Randy Scanland grew up in England after having been born in India during the early days of World War II. His mom was studying to be a doctor, and his dad was in the military. Like so many young men of that time, Randy’s dad died in the war, leaving his widow and infant son to fend for themselves in a foreign land. But, as also often happens, Randy’s mom met another man, also a British military man, and married him. The new family welcomed another son, Rory, born in 1944. They moved back to England in 1945 as the war was coming to a close.
Randy’s mom, used to the larger houses they’d lived in in India, felt confined by the much smaller houses in England, the row houses most people lived in there. So, the enterprising young woman hocked all her jewelry and put her money on a 30-1 long shot horse—and won. With the winnings, the family bought a larger Victorian house. In fact, the house was so large, Randy’s mom was able to open a music club in the big place’s basement.
That suited Randy just fine. He loved music, eventually showing a propensity for the drums. So, his mom bought him a nice drum kit, and Randy started his own band, the Black Jacks. This was the time period when popular music was taking off in England and, soon, the British Invasion would conqueror the globe with bands from Liverpool, Manchester, and London.
By 1960, Randy and the Black Jacks had developed quite the reputation in locally. Part of the reputation was due to Randy’s dark good looks. Almost no musical group had the drummer as the group’s leader, but the Black Jacks did. Randy was not a spectacular drummer, but he was steady, and, besides, the venue was owned by his family after all.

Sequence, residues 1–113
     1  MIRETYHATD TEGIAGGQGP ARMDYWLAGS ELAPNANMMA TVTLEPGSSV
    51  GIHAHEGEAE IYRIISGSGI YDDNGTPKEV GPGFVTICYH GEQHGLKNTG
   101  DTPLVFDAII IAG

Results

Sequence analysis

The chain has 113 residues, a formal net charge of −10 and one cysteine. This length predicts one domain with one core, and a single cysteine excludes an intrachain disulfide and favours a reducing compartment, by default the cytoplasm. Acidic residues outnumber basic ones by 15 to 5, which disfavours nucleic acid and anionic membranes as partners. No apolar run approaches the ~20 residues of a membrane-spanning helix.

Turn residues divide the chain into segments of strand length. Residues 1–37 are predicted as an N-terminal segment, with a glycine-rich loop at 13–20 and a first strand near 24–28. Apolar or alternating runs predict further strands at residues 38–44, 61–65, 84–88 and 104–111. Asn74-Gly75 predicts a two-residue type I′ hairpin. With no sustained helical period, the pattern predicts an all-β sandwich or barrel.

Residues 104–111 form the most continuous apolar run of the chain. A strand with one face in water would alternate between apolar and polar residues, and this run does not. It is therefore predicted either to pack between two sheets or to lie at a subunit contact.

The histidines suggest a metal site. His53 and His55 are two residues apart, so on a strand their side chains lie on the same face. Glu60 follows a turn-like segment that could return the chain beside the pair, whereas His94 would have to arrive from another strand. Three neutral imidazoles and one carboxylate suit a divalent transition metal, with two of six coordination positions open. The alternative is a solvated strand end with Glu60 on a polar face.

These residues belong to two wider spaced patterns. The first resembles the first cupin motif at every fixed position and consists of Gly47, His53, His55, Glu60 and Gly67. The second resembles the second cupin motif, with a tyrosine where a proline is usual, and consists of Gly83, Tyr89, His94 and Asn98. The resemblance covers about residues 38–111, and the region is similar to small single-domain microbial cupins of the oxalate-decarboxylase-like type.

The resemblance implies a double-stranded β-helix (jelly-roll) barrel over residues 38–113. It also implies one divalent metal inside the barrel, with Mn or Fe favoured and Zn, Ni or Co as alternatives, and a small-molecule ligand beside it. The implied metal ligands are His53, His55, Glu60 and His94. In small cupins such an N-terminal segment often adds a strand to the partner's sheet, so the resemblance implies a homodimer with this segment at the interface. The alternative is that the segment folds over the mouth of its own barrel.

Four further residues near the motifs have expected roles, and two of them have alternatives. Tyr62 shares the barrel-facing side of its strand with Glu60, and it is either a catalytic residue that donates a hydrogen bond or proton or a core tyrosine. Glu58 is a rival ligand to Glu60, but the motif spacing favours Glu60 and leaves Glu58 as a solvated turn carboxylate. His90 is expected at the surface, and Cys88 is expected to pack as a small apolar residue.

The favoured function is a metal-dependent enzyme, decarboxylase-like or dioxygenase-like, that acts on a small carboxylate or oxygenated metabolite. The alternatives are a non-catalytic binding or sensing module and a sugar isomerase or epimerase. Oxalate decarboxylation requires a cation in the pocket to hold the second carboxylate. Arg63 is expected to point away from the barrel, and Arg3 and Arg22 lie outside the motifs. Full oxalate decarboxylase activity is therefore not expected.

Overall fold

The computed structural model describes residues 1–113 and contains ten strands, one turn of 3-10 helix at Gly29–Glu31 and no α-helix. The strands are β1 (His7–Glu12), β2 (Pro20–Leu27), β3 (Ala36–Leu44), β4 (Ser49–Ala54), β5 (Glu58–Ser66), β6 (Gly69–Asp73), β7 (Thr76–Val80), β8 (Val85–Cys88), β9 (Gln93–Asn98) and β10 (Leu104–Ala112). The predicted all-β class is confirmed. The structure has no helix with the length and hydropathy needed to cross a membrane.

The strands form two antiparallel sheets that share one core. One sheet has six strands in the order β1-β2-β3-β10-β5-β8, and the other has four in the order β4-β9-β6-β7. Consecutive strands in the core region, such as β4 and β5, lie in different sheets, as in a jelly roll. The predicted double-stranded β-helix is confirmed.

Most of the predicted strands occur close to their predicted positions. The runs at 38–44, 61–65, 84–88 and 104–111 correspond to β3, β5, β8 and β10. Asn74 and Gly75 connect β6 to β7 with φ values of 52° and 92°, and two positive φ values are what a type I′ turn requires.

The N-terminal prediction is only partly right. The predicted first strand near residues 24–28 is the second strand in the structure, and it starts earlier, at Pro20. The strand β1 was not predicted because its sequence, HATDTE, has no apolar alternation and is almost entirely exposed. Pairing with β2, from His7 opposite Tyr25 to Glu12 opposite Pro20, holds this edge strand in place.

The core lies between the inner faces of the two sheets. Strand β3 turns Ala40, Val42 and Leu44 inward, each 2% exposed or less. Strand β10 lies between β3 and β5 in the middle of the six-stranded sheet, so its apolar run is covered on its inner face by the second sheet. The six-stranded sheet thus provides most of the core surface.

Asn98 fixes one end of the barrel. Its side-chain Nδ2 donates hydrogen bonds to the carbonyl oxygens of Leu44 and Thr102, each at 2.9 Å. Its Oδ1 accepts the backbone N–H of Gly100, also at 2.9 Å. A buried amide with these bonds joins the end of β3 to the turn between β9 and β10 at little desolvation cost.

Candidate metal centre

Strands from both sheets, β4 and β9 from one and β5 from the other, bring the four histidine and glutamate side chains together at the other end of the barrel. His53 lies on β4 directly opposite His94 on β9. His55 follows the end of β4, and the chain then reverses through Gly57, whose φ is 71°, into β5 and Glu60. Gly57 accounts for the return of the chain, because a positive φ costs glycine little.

That’s when another group, one with about as much local appeal as Randy’s, approached him. They needed a drummer for a tour over in Europe. Would he be interested? Randy thought about it. The Black Jacks had started to bore him. Europe sounded fun. Other groups were doing that, and Randy wanted to see what all the fun and fuss was about. Randy, unlike the others in this new group, had managed to finish his school exams and had the opportunity to continue his education in university, but he agreed to go on tour with the group knowing that, if it didn’t work out, he could always come home and go to school.
The tour went badly. They had to play more and longer than they had been promsised, and they had to do this for less money than promised as well. In addition, the living conditions on the tour were abysmal. The group lived in squalor. Randy began to second guess his decision to go along. One member of the group, protesting their poor rooms, lit a prophylactic on fire, and two members of the group were arrested for attempted arson. The tour was cancelled, and they all were deported back to England.
But something had happened. Playing in Europe had hardened the musicians. They had a rawer, edgier sound to them now. Randy, rather than merely providing a smooth rhythm drumming style, had become a driving, forceful drummer. The entire group sounded, well, harder. And it fit them. Playing back in England, people started to notice. In fact, the group received a recording contract. Randy thought that maybe, just maybe, he’d made the right choice to join this group.
But something was wrong. In the studio, the producers talked among themselves. Randy’s drumming, they said, was good—technically. It wasn’t how he was playing on the songs, it was what he was playing. They advised the group’s manager, a young record store owner, to replace Randy. And so, after getting approval from the other guys in the group, he did.
You probably realize by now that Randy was adopted by his mother’s second husband. That second husband, Rory Best, called the boy by his middle name–Pete.